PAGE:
Reader Ann asked the following question on my post about the 2008 Federal Income Tax Brackets :
My husband has just been offered a salaried position of which he is excited yet somewhat reluctant about. The increase in salary would put us “over the edge,” so to speak, into the 25% tax bracket. His position probably doesn’t have much more room for increased income. We are not currently in a position to owe significantly more tax. In addition, we are quickly loosing our child deduction as they are becoming “independent.” Advice?
Here was my reply:
I think you may be misunderstanding how the tax brackets work, the listed rate only applies to dollars that exceed the low end of that tier. Your entire salary isn’t being taxed at the bracket rate. I think this is best explained using an example.
Let’s say for the sake of argument your husband earns $60,000 a year, which puts him in the 15% tax bracket at the moment. The new job has a salary of $66,000 a year, which is above the start of the 25% tax bracket of $65,100 (for married filing jointly). Only $900 of his new salary (the amount above $65,100) is taxed at 25%, not the whole $66,000.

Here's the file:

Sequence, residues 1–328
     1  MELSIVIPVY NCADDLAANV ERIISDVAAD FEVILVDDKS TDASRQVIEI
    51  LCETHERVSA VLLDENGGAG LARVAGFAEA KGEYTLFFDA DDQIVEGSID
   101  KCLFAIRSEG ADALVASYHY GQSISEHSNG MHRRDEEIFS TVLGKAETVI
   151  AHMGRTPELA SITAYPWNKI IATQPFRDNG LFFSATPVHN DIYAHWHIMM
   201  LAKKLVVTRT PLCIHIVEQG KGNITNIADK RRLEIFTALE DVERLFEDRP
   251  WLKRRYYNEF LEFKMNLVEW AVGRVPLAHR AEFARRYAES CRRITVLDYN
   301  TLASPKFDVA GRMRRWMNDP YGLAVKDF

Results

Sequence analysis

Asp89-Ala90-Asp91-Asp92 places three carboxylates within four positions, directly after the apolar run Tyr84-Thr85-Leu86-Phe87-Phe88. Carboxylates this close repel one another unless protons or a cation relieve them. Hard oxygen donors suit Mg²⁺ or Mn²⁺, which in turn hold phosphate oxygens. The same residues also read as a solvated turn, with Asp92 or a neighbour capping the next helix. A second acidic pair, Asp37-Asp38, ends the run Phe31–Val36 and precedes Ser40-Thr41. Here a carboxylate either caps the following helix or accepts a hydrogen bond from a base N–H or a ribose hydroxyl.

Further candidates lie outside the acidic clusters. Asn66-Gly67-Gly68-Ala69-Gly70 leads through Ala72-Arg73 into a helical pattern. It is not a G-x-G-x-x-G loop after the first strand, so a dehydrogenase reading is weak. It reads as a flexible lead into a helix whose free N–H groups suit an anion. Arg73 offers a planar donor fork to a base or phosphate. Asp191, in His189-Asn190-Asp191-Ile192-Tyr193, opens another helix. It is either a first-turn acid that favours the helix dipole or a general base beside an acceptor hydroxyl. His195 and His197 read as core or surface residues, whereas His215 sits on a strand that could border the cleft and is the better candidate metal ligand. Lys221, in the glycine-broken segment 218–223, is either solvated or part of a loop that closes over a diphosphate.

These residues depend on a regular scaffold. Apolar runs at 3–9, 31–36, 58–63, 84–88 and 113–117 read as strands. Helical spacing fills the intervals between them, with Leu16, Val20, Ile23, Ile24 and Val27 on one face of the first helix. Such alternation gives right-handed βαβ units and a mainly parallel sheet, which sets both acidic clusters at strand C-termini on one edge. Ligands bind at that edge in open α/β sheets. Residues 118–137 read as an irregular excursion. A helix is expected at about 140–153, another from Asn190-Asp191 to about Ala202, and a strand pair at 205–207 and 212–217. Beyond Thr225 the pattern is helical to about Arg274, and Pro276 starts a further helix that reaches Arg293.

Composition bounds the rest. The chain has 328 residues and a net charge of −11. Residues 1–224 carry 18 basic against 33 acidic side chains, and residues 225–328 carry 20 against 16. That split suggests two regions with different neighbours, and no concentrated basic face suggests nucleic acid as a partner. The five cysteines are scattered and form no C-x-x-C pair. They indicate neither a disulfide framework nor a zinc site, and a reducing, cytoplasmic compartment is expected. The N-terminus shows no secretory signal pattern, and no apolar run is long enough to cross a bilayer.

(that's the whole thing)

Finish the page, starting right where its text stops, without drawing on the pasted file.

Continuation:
In fact, if you were to take the standard deduction for married filing jointly of $10,900 then your income would be reduced to $55,100 and not a single dollar would be taxed at 25%. Further deductions could pull you further down the list on your marginal tax rate.
Unless I’m misunderstanding your question, I think you just had a mixup in thinking how the brackets worked.
This is a mistake many people often make when they learn about the progressive tax system. They think that “tax rate,” despite being called a marginal tax rate (thought marginal has a specific meaning not often used in conversational English), is applied to your entire income. That rate is only applied to your next dollar earned. For the 25% tax bracket, for single filers, starts at $32,550 and ends with $78,850 – you are only taxed 25% on the 32550th dollar you earn p to the 78849th dollar you earn.
In reality though, it’s even less than that because with deductions and credits, your effective tax rate is far far less. Right off the bat, single filers can claim a standard deduction that reduces their income by $5,450. If you work and contribute to a 401(k) plan, each dollar you contribute is deducted off your taxes. At the end of the year, you’ll find that your actual adjusted income is far lower than your salary, so your effective tax rate is much lower than even the aggregate of the tax brackets.